Blaise Pascal and Pierre de Fermat are considered the fathers of modern probability theory. The earliest known work on probability theory was done by Girolamo Cardano, an Italian mathematician and physicist born in 1501. However, his manual on probability and gambling, "Liber de Ludo Aleae," was not published until 1663.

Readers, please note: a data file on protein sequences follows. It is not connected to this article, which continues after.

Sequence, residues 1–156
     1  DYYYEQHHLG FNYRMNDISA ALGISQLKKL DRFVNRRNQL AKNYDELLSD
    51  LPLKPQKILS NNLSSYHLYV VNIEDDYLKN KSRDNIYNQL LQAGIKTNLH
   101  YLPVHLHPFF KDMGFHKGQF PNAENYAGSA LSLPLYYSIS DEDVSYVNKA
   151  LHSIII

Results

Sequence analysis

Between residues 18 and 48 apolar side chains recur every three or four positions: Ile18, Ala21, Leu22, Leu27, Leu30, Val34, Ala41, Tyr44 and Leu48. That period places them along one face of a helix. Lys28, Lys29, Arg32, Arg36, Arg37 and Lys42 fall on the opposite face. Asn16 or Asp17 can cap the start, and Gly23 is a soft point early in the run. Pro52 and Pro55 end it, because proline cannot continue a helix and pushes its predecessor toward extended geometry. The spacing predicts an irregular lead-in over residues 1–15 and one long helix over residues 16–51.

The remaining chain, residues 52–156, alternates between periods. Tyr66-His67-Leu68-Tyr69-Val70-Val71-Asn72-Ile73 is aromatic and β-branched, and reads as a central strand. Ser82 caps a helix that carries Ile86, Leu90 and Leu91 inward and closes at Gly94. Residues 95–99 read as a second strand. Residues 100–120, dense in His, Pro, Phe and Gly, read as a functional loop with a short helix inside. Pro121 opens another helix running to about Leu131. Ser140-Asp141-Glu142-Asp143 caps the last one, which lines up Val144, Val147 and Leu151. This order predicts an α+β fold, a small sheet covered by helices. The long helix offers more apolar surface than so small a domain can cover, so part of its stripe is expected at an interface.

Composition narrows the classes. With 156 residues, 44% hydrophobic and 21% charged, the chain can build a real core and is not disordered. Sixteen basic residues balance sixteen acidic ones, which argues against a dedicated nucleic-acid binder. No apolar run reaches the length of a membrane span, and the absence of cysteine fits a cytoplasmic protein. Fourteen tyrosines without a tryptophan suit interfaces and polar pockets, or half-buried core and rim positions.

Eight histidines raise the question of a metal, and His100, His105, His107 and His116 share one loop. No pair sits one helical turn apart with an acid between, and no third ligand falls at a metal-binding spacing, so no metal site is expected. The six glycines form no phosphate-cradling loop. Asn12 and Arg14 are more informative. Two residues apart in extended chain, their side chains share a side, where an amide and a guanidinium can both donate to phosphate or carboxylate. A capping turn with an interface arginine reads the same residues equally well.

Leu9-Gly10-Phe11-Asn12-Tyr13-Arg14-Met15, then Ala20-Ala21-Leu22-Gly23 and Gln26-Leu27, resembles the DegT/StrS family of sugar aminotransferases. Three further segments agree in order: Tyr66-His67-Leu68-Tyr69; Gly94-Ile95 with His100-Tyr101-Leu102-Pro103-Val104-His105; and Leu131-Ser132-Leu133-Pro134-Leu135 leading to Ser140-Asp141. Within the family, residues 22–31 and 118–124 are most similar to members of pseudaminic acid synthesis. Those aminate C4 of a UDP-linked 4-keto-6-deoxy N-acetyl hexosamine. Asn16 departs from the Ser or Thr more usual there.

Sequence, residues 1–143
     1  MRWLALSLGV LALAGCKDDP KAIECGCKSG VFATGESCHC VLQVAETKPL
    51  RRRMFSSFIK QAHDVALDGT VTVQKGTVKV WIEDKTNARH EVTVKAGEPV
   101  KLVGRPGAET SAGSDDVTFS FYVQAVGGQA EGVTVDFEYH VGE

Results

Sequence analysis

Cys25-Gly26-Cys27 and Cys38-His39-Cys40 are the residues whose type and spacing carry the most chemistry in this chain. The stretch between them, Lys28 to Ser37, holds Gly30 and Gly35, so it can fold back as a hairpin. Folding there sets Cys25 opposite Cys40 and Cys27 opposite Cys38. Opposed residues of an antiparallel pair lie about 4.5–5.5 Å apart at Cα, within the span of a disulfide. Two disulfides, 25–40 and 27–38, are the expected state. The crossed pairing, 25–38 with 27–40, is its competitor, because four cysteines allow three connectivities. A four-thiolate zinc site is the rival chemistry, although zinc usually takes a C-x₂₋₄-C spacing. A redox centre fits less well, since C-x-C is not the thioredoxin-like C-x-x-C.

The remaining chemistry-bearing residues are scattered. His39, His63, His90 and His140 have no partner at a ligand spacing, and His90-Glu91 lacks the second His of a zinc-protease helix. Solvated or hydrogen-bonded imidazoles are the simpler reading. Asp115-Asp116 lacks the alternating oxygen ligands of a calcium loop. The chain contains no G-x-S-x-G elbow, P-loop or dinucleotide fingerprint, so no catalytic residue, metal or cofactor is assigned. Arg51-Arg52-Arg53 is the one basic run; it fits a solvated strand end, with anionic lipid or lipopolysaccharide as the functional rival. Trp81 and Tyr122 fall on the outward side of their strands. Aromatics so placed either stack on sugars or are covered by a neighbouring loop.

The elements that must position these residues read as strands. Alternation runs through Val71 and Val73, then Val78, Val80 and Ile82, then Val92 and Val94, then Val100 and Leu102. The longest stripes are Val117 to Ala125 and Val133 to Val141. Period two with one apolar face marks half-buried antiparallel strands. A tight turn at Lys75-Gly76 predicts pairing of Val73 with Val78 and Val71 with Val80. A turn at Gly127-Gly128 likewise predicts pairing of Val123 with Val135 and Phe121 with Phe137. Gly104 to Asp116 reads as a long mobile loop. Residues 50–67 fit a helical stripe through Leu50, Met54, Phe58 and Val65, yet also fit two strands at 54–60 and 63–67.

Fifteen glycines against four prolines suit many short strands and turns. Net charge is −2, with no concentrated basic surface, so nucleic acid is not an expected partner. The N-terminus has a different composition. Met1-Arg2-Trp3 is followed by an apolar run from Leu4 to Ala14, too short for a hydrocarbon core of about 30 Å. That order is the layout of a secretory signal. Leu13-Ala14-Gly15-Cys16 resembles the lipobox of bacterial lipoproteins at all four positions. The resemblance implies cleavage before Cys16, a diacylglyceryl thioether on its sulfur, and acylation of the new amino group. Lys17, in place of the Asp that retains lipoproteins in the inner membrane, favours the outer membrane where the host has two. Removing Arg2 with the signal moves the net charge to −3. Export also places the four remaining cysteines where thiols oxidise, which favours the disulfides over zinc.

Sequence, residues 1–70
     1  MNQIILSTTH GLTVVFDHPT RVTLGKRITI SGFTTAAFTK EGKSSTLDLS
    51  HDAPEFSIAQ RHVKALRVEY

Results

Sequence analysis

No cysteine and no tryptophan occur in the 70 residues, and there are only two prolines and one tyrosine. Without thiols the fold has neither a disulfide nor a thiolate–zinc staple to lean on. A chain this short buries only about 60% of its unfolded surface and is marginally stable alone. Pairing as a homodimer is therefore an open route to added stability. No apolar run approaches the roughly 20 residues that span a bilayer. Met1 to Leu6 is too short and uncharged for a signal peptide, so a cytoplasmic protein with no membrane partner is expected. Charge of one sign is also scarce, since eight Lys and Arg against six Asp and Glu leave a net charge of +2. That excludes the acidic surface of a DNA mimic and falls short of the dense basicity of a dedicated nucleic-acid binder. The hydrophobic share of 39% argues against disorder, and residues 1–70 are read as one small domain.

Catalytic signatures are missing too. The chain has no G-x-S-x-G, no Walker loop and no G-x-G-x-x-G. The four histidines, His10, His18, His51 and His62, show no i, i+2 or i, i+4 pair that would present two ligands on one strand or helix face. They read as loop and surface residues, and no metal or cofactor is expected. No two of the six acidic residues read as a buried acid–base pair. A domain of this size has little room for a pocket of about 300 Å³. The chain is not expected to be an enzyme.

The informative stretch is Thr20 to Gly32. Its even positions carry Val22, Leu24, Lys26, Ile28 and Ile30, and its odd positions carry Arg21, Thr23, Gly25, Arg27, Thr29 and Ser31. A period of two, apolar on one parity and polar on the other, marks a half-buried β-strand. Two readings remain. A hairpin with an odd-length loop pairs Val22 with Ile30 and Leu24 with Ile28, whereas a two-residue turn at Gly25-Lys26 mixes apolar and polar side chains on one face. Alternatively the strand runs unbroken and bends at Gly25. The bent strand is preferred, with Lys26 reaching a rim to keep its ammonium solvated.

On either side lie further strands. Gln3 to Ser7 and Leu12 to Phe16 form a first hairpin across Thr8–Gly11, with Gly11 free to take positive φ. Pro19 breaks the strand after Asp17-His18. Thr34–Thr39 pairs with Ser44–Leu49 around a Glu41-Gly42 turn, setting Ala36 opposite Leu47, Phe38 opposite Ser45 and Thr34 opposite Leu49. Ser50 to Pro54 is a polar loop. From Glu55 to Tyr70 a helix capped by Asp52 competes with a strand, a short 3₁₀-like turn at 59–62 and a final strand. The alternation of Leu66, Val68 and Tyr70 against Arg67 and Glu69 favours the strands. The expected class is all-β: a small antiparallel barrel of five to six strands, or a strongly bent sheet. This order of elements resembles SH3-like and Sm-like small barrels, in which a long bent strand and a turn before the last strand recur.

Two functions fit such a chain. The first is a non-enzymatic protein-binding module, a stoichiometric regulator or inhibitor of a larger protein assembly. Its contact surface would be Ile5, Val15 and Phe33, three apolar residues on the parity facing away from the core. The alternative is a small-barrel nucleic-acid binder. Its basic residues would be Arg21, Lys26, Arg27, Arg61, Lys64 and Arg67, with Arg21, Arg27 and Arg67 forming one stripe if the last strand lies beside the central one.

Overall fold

Blaise Pascal and Pierre de Fermat began discussing probability via correspondence in 1654. Although Cardano's work pre-dated theirs, Pascal and de Fermat's laid the foundation of modern probability theory through their solution to the "problem of points." They devised a consistent solution for the division of stakes for a game of chance that is interrupted before its agreed upon conclusion. This provided insights into probability that are still influential today.